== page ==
A double-decker tram in Elizabeth Street, Hobart (Tasmaniana Library, SLT)

Without ceremony, electric tram services commenced in Hobart on 21 September 1893, the first successful electric tramway system in the southern hemisphere. It had several unique features: iIt was the only Australian system to use double deck trams a standard vehicles; it was the first street tramway on a rail gauge of 3'6" in Australia and survived to be the last; its use of bow current collectors throughout its life was unique in Australia; in 1949 it became the first tramway system in the world to use automatic conversion of AC to DC power supply.

The system was at first operated by the construction contractor, Siemens Bros of Britain. In 1894, the Hobart Electric Tramway Company Ltd took over operations and continued until the Hobart City Council assumed ownership in 1913. Following a controversy over fare levels, the state government vested operation in the Metropolitan Transport Trust in 1955.

There were three original routes: from the railway station to Cascades, and from the General Post Office to Sandy Bay and to Moonah. Totalling about ten miles, they were serviced by a fleet of twenty double deck trams. The depot and steam power station were located in Lower Macquarie Street. (In 1924 a second depot opened in Moonah.) Later routes served West Hobart, North Hobart (Letitia Street), Lenah Valley, Proctor's Road and Springfield. The Moonah route was extended to Glenorchy in 1931. New trams were built at the depot, the last double decker appearing in 1925. Single deck cars, both four wheeled and double bogie (eight wheels) were also used. Following three derailments in which double deck cars overturned, the 31 remaining such cars were cut down to single deckers, beginning in 1948. The maximum route mileage attained was17 in 193442. The greatest fleet size was 75 trams, in 1946.

On 29 April 1960, the worst accident on the system occurred when a runaway tram collided with a following tram in the city centre. This resulted in a number of serious injuries and the death of the conductor, Raymond Donohue, who was posthumously awarded the George Cross for his bravery in attempting to stop the tram and warning passengers and following traffic.

Beginning in 1942 with the Cascades route, trams were gradually replaced with electric trolley buses on the southern side of the city. Subsequent tramline closures were in favour of motor bus operation and the last tram route, to Springfield, closed in October 1960. The only surviving complete Hobart tram, no 141, is on display at the Tasmanian Transport Museum, Glenorchy, with the restored body of double decker no 46.

Launceston's tramways were constructed by the City's Council, employing contractors, chiefly J&T Gunn Ltd. The tramways were powered by the pioneering Duck Reach Hydro-Electric power station and were owned and operated throughout their life by the Council. The opening ceremony was on 16 August 1911, in Brisbane Street, when six trams carried invited guests over the inaugural routes to King's Bridge, Newstead and Mowbray. In October a fourth route, to Sandhill, opened.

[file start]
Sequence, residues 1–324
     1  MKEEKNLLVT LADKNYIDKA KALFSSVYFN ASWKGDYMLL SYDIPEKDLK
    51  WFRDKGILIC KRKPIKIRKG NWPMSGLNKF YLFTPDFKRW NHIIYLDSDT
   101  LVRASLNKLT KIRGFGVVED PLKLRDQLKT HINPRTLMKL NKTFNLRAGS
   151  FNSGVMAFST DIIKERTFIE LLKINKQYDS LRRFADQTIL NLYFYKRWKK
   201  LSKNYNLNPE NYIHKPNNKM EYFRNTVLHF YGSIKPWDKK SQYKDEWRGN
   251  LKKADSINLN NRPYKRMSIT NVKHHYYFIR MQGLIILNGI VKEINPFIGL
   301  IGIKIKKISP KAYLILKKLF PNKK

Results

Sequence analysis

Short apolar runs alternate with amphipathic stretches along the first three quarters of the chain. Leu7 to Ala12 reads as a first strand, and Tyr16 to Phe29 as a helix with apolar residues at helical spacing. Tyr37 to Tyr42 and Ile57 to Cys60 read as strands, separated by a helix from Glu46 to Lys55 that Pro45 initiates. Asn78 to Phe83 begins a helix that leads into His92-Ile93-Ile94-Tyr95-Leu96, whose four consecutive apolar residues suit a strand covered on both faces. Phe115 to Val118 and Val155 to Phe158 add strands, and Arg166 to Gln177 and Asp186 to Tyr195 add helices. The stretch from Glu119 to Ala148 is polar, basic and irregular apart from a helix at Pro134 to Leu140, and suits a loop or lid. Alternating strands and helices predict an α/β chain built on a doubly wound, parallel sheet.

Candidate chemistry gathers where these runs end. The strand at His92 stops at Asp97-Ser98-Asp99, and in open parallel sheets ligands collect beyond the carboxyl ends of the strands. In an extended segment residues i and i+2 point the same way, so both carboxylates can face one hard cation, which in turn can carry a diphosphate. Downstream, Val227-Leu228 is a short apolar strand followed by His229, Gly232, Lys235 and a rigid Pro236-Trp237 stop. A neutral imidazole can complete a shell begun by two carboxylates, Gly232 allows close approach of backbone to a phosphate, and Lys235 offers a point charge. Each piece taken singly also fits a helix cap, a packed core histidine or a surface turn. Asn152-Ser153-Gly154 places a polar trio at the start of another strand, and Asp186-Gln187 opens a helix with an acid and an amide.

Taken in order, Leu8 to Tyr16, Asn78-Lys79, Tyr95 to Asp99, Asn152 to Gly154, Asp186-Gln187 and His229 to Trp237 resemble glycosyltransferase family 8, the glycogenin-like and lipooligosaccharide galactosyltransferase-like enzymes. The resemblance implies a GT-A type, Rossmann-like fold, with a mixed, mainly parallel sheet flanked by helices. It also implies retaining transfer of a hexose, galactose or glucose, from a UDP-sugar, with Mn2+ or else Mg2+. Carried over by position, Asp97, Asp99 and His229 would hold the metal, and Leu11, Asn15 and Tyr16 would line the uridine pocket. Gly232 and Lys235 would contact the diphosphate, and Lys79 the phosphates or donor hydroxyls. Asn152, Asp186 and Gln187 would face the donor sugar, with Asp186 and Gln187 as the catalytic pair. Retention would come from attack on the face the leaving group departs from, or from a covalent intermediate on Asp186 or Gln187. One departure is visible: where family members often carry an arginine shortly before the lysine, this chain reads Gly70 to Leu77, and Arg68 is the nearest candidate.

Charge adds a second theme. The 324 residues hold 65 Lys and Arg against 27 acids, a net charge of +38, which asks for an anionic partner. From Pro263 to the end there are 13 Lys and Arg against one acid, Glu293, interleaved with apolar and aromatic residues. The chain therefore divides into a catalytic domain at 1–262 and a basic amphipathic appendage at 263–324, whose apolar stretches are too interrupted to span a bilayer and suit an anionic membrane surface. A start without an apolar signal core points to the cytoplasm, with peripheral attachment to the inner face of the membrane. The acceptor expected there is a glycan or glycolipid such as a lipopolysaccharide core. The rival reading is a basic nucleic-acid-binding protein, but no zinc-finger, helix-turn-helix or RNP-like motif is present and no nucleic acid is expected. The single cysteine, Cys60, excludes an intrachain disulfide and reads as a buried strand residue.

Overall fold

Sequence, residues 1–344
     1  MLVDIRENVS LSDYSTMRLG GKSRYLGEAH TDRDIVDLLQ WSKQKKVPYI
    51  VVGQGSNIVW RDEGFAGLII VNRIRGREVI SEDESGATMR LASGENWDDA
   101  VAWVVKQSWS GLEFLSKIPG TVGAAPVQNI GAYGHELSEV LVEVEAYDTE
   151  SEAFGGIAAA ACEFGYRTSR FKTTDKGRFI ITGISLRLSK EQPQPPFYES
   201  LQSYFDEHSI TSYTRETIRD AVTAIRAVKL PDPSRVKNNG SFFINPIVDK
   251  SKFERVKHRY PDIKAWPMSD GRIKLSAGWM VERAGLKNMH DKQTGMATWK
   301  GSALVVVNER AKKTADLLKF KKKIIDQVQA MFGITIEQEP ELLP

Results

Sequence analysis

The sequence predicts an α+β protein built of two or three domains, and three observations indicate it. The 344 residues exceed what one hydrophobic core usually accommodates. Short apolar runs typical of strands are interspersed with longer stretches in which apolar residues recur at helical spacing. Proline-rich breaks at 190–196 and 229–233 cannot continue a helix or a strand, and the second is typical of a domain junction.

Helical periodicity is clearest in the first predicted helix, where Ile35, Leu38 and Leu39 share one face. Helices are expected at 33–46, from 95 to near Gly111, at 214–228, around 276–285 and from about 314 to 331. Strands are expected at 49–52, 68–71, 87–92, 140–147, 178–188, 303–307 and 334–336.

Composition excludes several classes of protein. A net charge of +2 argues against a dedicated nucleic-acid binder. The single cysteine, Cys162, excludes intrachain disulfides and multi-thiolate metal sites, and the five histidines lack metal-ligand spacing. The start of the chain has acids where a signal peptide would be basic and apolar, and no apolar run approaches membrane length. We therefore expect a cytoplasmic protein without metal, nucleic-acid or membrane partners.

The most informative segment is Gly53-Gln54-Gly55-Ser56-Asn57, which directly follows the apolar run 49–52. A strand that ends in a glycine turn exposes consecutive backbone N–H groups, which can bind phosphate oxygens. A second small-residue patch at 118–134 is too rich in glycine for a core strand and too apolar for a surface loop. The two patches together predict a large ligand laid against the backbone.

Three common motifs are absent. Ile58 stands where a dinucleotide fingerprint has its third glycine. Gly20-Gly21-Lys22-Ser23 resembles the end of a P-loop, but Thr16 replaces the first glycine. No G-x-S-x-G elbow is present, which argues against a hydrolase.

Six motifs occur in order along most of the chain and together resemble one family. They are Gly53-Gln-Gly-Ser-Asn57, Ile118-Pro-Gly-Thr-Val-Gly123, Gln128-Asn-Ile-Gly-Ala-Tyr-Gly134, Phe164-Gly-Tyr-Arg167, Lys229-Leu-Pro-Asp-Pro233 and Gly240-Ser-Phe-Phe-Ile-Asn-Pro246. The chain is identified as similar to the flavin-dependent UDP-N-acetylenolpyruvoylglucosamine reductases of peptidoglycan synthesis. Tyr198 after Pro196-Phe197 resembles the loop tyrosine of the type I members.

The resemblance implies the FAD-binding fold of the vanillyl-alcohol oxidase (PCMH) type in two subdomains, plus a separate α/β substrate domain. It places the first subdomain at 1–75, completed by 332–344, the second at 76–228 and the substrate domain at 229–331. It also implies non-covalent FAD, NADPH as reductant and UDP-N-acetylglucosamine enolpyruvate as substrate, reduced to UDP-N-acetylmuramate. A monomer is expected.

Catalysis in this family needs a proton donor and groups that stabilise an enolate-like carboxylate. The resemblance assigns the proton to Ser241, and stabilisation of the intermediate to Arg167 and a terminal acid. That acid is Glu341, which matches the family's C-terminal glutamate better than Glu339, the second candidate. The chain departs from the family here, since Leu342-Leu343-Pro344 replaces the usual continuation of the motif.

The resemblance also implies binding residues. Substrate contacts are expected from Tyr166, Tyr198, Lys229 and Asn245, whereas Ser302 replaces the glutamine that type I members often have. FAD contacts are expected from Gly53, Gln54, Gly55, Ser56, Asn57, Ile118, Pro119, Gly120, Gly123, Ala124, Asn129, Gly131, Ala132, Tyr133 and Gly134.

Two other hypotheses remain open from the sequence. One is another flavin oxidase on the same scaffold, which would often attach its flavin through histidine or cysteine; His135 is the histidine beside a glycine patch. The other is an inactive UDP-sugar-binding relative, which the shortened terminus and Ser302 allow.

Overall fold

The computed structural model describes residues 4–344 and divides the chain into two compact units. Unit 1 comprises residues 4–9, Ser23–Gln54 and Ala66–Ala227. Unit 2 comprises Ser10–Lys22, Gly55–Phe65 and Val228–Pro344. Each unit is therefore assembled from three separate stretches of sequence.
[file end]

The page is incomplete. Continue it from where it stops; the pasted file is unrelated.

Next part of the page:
The trams were attractive single deck vehicles with enclosed saloons and open sections, painted maroon and yellow, outlined in gold. The fleet grew to 29 vehicles, the last three being large double bogie trams which were very popular. Most of the original fourteen trams lasted the life of the system.

Apart from extensions of the 1911 routes, to Trevallyn, Wentworth Street, Mowbray Heights and Carr Villa Cemetery, later routes served High Street, Basin Road and King's Wharf. The first depot, in Invermay Road, survives as a convention centre, having been abandoned by the tramways in favour of a new depot in Howick Street following the 1929 flood. The Howick Street premises continue in use today as the city's bus depot.

As with other provincial tramways, Launceston's size scarcely justified the cost of construction and operation. However, in 1911 trams were the only available mechanised street transport. Low patronage, combined with the age of the equipment, led to the Council to replace the system with electric trolley buses in 1952. The official 'last tram' no 1, returned to the depot on 13 December,1952. Tram no 16, now diesel powered, runs as an attraction at Penny Royal World, bogie car no 29 has been restored and is displayed at Inveresk, and the body of no 11 has been cleverly incorporated into the 'Tram Bar' at the Great Northern Hotel. The restored body of no 13 is displayed at the Tasmanian Transport Museum.

Further reading: IG Cooper, Hobart Tramways, A Centenary Commemorative Review, Sydney, 1993; J Richardson and IG Cooper (eds), Destination GPO, Canberra, 1971; J Chesworth, I Cooper, P James and J Stokes, The Electric Tramways of Hobart, Sydney, 1960; R Proctor, Launceston Municipal Tramways, Launceston, 1993.

Graham Clements